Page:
Interactive Java Tutorials
Laser Scanning Confocal Microscope Simulator
Perhaps the most significant advance in optical microscopy during the past decade has been the refinement of mainstream laser scanning confocal microscope (LSCM) techniques using improved synthetic fluorescent probes and genetically engineered proteins, a wider spectrum of laser light sources coupled to highly accurate acousto-optic tunable filter control, and the combination of more advanced software packages with modern high-performance computers. This interactive tutorial explores multi-laser fluorescence and differential interference contrast (DIC) confocal imaging using the Olympus FluoView FV1000 confocal microscope software interface as a model.
The tutorial initializes with a randomly selected specimen (appearing in the Live View window on the upper left-hand side of the tutorial) being scanned along the lateral x-y plane at a speed of 20 microseconds per pixel, and the detector channels being set very close to the optimum values with simultaneous scanning in all three channels. The scanning rate is controlled by the Scan Speed slider, which features a range of 2 to 200 microseconds per pixel. Imaging depth in the axial (z) direction is adjusted with the Z-Axis Position slider according to a range determined by the thickness of each specimen. Upon initialization, each channel corresponding to a fluorophore present in the specimen is activated and labeled with the specific probe being imaged. The transmitted light channel (TD) is turned off by default. Lasers are pre-assigned (and fixed) to the channels according to the following order: argon-ion (488 nanometers) - Channel 1, helium-neon (543 nanometers) - Channel 2, and helium-neon (633 nanometers) - Channel 3. The TD Channel produces transmitted light differential interference contrast images using the argon-ion laser set at 488 nanometers.
In order to operate the tutorial, use the HV, Gain, and Offset sliders for each channel to adjust the signal level and quality by clicking on the arrow buttons at the top and bottom, or anywhere inside the indicator boxes (each containing a blue level bar). When the channel voltage, gain, and offset values are changed, the blue level bar is automatically adjusted to show the new value, which is also indicated numerically beneath the indicator box. These values can also be adjusted proportionally, by clicking on the Auto HV button, in order to maintain constant signal levels when increasing or decreasing the scan speed. Laser intensity values for the individual illumination sources can be controlled (through a range of zero to 100 percent) with the sliders and arrow buttons adjacent to each laser activation checkbox. The lasers can also be toggled on or off using the appropriate checkbox.
At any point during operation of the tutorial, scanning of the specimen can be halted by clicking on the Stop button, and then restarted using the XY Repeat button. When the Stop button is activated, the Auto Contrast button (in the upper right-hand corner of the tutorial) becomes enabled for rapid initial setting of the detector channel levels (also activating the X4 button), a practice that is typically utilized for quickly examining a new specimen. The Look-Up Table button (positioned between the Stop and Auto Contrast buttons) can be employed to change the gamma, intensity, contrast, and pseudocolor of any channel (the current channel color is indicated in the lower portion of the each channel group box). Simulation of rapid specimen scanning (utilized for positioning and focus of the actual microscope) can be accomplished by clicking on either the X2 or X4 buttons.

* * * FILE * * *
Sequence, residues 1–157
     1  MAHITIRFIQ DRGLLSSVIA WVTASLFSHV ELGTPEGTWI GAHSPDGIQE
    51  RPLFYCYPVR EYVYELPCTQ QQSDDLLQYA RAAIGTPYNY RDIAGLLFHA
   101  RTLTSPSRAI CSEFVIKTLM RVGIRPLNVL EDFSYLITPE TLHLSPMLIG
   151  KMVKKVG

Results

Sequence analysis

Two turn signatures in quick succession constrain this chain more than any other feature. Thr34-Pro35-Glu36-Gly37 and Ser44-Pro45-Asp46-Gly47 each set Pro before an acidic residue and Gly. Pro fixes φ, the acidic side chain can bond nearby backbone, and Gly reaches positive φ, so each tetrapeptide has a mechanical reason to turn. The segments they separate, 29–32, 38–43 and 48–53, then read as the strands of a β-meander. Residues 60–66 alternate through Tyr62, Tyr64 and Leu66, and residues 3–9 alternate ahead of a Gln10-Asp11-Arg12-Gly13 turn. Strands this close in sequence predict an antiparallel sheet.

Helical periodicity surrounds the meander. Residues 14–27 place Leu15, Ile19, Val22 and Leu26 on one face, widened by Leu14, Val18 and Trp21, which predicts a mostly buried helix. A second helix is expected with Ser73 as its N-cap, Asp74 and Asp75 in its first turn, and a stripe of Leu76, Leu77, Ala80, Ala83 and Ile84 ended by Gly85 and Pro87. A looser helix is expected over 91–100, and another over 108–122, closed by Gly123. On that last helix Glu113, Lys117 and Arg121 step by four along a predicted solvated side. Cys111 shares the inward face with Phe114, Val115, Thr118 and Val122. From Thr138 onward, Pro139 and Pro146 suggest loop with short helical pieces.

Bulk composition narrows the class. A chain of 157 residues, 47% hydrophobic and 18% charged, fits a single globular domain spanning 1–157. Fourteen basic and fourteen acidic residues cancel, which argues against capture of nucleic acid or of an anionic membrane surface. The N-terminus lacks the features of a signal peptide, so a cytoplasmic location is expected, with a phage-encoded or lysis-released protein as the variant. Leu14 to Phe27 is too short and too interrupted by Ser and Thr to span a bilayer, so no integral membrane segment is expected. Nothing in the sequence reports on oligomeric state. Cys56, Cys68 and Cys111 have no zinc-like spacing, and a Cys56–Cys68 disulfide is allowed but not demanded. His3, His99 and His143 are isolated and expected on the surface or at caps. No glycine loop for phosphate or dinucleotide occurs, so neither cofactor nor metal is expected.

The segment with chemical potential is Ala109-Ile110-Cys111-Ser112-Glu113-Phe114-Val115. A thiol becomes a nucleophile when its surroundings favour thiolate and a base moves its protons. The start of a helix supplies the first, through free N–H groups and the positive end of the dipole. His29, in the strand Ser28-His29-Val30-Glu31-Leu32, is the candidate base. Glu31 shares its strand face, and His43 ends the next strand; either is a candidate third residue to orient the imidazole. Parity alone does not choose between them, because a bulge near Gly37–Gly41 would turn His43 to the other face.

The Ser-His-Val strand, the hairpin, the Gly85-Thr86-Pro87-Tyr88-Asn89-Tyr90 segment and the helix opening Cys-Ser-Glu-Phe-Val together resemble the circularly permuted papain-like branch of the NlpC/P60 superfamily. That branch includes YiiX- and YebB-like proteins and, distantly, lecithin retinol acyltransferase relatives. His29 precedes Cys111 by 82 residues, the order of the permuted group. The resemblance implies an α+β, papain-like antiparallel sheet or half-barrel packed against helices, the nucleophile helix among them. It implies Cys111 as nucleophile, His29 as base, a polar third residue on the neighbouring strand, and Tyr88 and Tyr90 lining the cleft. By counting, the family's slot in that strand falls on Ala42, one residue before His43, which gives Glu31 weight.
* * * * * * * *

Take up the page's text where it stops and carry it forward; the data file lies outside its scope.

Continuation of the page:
The variable detector slits for channels 1 and 2 can be adjusted by clicking on the VBF button, which launches a dialog box illustrating the emission spectra of the selected fluorophores (listed in the dialog box for each channel) superimposed over the slit boundaries. Adjusting these slit widths is useful to reduce bleed-through while maximizing fluorescence emission intensity. This dialog box also contains a pull-down menu enabling selection of the barrier filter applied to channel 3, allowing the user to vary the cut-on wavelength for emission detection by the third channel. Default values (chosen by the fluorophore combination) can be restored by clicking on the Reset button.
The tutorial simulates spectral bleed-through (also termed crossover) into adjacent detector channels at high photomultiplier voltages and laser intensity levels. Bleed-through can usually be corrected by activating the Sequential Scan checkbox and arranging channel scans into the proper order using the Groups menu (this button is deactivated when the specimen is not being sequentially scanned). For example, using the common fluorophores: Alexa Fluor 488 (Channel 1), MitoTracker Red CMXRos (Channel 2), and TO-PRO-3 (Channel 3), each channel can be placed in a different group to minimize bleed-through. Alternatively, channels 1 and 3 can be placed in one group, while channel 2 is scanned in a different group to achieve similar results. The degree of bleed-through can also be controlled by varying the slit width of the spectral detection channels and barrier filters, as discussed above. New specimens can be loaded into the tutorial window at any time using the Choose A Specimen pull-down menu.
Stuart H. Shand and Simon C. Watkins - Center for Biologic Imaging, University of Pittsburgh, S233 Biomedical Science Towers, 3500 Terrace Street, Pittsburgh, Pennsylvania, 15261.
Kenji Matsuba - Olympus America Inc., Two Corporate Center Dr., Melville, New York, 11747.
Matthew J. Parry-Hill, Nathan S. Claxton, and Michael W. Davidson - National High Magnetic Field Laboratory, 1800 East Paul Dirac Dr., The Florida State University, Tallahassee, Florida, 32310.